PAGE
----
Coat of Arms of Gibraltar

The Coat of Arms of Gibraltar is a symbol of the British Overseas Territory of Gibraltar. It was first granted to the city by King Ferdinand and Queen Isabella of Spain in 1502, and it has undergone several changes over the centuries.

The current version of the Coat of Arms was granted to Gibraltar by Queen Elizabeth II in 1955. It features a red shield with a white castle on a rocky outcrop, which represents the famous Rock of Gibraltar. The castle has three towers, which symbolize the three hills of Gibraltar. Above the castle is a golden key, which represents the key to the Strait of Gibraltar, a strategic location for trade and military purposes.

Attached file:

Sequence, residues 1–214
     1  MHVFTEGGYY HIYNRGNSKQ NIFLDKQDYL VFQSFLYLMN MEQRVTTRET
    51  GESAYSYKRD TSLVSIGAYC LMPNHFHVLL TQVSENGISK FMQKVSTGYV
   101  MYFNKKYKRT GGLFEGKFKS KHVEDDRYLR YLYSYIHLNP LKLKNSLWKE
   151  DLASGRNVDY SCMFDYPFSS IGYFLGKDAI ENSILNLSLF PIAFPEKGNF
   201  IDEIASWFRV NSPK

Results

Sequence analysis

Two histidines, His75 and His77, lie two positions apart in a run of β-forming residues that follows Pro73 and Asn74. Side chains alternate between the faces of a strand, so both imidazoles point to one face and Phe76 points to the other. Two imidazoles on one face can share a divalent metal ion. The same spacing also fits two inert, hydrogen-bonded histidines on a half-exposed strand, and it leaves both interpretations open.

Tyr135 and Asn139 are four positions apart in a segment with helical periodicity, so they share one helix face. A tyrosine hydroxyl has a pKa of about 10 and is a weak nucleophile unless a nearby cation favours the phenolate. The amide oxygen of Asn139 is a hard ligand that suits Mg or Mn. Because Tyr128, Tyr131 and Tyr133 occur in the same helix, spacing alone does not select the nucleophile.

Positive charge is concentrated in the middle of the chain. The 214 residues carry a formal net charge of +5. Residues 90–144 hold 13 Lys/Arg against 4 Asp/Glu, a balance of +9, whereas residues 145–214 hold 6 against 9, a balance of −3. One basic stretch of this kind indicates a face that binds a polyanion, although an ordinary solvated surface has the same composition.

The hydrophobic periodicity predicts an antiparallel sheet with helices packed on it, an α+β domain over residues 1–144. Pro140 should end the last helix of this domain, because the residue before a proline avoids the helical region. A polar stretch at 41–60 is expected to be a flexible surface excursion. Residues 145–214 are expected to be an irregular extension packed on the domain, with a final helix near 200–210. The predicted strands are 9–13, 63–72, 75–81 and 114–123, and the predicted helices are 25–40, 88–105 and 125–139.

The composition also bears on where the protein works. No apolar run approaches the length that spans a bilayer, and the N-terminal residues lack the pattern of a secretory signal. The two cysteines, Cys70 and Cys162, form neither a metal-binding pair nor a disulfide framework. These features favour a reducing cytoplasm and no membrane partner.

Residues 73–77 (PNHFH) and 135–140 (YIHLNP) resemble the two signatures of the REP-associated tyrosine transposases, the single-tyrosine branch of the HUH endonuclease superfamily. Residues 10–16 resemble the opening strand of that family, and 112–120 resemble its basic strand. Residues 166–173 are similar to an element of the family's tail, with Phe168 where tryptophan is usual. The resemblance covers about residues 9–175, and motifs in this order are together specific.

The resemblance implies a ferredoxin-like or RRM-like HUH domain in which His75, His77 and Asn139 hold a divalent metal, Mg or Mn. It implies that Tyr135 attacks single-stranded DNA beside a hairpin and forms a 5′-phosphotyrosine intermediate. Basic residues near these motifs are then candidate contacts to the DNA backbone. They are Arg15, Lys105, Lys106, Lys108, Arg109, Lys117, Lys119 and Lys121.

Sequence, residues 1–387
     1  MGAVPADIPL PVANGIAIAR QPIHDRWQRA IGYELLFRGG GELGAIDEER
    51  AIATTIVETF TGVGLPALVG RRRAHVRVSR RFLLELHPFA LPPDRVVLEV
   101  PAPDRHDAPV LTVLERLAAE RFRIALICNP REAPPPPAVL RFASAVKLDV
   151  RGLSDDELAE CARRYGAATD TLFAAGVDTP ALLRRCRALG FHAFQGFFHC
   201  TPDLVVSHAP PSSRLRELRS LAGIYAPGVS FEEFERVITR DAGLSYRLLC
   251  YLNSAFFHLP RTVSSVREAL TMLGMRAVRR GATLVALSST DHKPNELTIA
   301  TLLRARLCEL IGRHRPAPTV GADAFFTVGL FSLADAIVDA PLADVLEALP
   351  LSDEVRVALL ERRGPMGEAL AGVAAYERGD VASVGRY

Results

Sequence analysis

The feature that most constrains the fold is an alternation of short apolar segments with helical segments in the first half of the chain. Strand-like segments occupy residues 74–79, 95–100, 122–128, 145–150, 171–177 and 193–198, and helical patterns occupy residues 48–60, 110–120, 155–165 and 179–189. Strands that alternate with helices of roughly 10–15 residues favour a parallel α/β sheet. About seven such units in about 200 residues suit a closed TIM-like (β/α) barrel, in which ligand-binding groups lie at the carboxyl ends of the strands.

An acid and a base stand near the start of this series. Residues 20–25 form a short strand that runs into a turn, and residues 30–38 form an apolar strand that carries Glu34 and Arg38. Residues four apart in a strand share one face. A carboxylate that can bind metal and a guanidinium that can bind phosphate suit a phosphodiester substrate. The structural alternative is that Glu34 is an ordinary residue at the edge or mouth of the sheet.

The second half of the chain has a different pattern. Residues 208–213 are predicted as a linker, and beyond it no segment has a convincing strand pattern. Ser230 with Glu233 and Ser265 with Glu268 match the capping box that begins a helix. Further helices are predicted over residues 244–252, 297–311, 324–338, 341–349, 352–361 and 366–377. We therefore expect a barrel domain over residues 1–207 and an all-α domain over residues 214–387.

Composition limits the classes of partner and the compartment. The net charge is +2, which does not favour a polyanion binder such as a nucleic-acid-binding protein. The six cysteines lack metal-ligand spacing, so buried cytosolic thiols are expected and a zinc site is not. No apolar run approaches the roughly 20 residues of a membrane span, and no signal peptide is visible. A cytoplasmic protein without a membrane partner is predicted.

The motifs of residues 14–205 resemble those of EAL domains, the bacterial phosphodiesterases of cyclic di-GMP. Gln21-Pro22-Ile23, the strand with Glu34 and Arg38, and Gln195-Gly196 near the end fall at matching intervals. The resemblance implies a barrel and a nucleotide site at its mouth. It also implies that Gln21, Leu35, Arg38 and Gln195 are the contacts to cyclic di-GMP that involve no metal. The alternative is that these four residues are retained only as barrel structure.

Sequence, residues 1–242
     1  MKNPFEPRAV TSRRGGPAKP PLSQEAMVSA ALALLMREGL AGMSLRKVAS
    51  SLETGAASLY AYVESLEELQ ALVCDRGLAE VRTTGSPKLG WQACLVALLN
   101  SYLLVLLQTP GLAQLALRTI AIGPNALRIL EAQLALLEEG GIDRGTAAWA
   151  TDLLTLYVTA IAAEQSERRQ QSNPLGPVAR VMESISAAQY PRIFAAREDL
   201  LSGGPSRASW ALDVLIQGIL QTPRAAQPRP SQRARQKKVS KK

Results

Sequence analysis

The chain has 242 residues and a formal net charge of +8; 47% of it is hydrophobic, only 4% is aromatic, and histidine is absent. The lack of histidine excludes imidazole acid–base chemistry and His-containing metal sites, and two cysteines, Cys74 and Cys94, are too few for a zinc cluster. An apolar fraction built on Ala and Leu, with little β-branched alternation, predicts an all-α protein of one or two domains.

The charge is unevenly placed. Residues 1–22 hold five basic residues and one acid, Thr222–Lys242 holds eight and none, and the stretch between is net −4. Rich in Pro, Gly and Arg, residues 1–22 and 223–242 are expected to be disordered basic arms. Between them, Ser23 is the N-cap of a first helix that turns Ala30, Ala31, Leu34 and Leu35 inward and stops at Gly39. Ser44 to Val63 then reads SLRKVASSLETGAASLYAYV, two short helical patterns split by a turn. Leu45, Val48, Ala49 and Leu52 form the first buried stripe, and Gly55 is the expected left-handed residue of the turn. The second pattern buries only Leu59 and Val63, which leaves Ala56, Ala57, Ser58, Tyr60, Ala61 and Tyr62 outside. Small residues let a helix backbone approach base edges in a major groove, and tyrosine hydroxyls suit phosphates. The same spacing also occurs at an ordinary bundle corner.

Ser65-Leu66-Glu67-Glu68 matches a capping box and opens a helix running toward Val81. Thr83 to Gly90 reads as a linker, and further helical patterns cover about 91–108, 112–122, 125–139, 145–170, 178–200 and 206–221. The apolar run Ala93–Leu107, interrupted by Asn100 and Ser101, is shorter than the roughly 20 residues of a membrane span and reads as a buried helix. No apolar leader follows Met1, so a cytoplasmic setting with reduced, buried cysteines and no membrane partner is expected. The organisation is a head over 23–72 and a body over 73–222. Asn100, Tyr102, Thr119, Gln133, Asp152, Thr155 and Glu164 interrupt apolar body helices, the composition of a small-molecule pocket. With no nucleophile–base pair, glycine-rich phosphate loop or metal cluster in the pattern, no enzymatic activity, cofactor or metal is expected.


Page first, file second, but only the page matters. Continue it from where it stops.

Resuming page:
The Coat of Arms also includes two supporters, a red lion and a white unicorn, which represent the United Kingdom. The lion holds a golden key, while the unicorn holds a silver chain. The chain represents the link between Gibraltar and the United Kingdom, while the key represents the strategic importance of Gibraltar.

Above the shield is a golden crown, which represents the sovereignty of the British Crown over Gibraltar. The motto of Gibraltar, “Montis Insignia Calpe” (Latin for “Badge of the Rock of Gibraltar”), is also included on the Coat of Arms.

Overall, the Coat of Arms of Gibraltar is a powerful symbol of the territory’s history, geography, and relationship with the United Kingdom. It is a reminder of Gibraltar’s strategic importance and its unique place in the world.

Image Source: Coat of Arms, Public domain, Wikimedia Commons

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